THEORETICAL PHILOSOPHY I
Learning outcomes of the course unit
The course presents a survey of the major positions of the contemporary debate on self-knowledge and of the main theoretical options there are for future research.
Students will be trained to recognize, reformulate, and criticize arguments with the goal to acquire the skills necessary for doing philosophical research.
Students are invited to prepare the texts autonomously so as to be able to present the main arguments in short presentations in class. Guidance during their preparing and writing the term paper will allow them to develop the skills necessary to participate autonomously in the philosophical debate and to learn and enlarge their knowledge in an autonomous way.
Course contents summary
The course will focus on the contemporary debate on the structure of the content of perceptual experience, its epistemic relevance (how can perception contribute to our knowledge?) and its phenomenological aspects (what is the role of the qualitative aspect of experience).
In particular we will analyze the debate on non-conceptual content of perception, the relation between perception and language, the question of whether perceptual experience has a content and the role of perception in our conscious mental life.
Reading of various contributions to the contemporary debate, starting with the book "Mind and World" by John McDowell. The detailed course bibliography will be communicated at the beginning of classes.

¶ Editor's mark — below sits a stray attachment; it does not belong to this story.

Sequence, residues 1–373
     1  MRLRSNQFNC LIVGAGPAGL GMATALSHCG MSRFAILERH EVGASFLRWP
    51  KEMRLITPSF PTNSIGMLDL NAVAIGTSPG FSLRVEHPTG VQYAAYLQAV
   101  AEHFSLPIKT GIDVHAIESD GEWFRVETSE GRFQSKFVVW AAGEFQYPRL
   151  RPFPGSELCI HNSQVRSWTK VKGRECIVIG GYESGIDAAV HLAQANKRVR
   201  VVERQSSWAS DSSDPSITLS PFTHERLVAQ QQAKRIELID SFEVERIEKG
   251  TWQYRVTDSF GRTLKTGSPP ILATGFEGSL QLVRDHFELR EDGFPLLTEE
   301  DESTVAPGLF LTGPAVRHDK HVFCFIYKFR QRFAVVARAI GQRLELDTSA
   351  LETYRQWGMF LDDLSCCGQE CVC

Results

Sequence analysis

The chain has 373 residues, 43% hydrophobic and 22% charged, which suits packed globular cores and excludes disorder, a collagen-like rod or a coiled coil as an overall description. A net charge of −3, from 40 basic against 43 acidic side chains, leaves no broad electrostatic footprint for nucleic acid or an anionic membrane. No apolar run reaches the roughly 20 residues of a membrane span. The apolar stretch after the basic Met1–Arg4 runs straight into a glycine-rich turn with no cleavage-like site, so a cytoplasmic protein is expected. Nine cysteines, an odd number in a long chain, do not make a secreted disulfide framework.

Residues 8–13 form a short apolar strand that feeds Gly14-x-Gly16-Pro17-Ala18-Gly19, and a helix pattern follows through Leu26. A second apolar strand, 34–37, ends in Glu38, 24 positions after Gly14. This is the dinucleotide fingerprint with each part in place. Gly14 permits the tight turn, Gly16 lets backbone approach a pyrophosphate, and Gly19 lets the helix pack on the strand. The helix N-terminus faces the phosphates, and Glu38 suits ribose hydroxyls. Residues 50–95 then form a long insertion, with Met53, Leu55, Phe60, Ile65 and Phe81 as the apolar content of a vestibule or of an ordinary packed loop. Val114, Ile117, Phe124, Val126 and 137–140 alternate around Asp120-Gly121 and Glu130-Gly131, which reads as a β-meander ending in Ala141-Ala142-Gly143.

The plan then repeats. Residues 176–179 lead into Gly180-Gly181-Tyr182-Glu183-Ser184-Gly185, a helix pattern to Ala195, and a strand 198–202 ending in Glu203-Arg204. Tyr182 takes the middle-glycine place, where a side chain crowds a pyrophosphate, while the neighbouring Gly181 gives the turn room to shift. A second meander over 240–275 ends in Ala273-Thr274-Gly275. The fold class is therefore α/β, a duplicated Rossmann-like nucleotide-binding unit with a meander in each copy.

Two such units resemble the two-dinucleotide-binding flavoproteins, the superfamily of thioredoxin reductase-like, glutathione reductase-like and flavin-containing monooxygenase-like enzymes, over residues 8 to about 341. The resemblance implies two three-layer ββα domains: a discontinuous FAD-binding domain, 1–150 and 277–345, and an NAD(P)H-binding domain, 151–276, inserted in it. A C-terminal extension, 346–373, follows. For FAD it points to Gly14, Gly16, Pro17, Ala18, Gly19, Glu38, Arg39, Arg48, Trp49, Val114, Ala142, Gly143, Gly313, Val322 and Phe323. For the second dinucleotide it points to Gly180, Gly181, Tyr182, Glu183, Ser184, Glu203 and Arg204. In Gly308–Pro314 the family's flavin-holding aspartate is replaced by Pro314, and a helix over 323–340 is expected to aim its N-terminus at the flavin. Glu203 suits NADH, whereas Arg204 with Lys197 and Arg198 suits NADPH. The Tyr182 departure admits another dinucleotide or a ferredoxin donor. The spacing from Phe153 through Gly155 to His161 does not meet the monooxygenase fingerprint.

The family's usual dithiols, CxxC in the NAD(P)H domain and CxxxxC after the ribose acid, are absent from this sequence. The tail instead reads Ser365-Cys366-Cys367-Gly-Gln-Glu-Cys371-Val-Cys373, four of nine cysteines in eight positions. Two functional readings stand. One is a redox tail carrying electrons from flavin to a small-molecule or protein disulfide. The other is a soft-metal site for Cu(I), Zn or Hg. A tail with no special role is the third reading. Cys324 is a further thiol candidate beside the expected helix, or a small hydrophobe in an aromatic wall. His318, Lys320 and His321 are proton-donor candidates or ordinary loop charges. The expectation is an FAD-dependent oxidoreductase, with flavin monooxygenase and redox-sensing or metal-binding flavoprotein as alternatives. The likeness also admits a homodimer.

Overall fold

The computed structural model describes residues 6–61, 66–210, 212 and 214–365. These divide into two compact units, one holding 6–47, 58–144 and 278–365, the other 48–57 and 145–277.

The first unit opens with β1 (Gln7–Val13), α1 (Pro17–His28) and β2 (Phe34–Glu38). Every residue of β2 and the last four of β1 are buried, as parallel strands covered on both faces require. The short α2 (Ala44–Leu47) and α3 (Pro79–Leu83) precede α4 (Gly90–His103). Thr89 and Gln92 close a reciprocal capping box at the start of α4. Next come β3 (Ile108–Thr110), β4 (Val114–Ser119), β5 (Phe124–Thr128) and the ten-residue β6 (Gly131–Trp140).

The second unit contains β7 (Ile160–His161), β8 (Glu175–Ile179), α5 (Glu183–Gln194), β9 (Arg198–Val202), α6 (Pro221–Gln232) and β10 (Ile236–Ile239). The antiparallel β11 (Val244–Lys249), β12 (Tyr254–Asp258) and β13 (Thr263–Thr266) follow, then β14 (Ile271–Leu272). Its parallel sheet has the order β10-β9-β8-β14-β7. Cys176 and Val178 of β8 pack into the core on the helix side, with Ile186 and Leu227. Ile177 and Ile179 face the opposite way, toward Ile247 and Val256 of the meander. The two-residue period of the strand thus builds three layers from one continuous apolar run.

During the meetings we will analyse a series of texts. There will be ample room for discussing the various aspects that emerge from the texts. The success of the course will depend essentially on the students’ active participation in discussion and they are encouraged to share their interests, doubts, and perplexities with the others. Students who are not able to assist the meetings in class will be able to follow the course via internet (the specifics of the online-platform will be announced).
Assessment methods and criteria
The exam consists in writing a short term-paper (10-12 pages ca.) in which the student shows their competences in formulating and discussing in an argumentative way a specific philosophical problem (in the field of perception), to reconstruct and contrast relevant arguments that have bee proposed by the philosophers discussed in class with the goal to draft a text that is informative for a non-expert reader. Students are invited to pay attention to the own expressive tools, to the coherent use of technical terminology, the cogency of the argument and a concise style.
The oral part of the exam consists in a discussion of the term paper.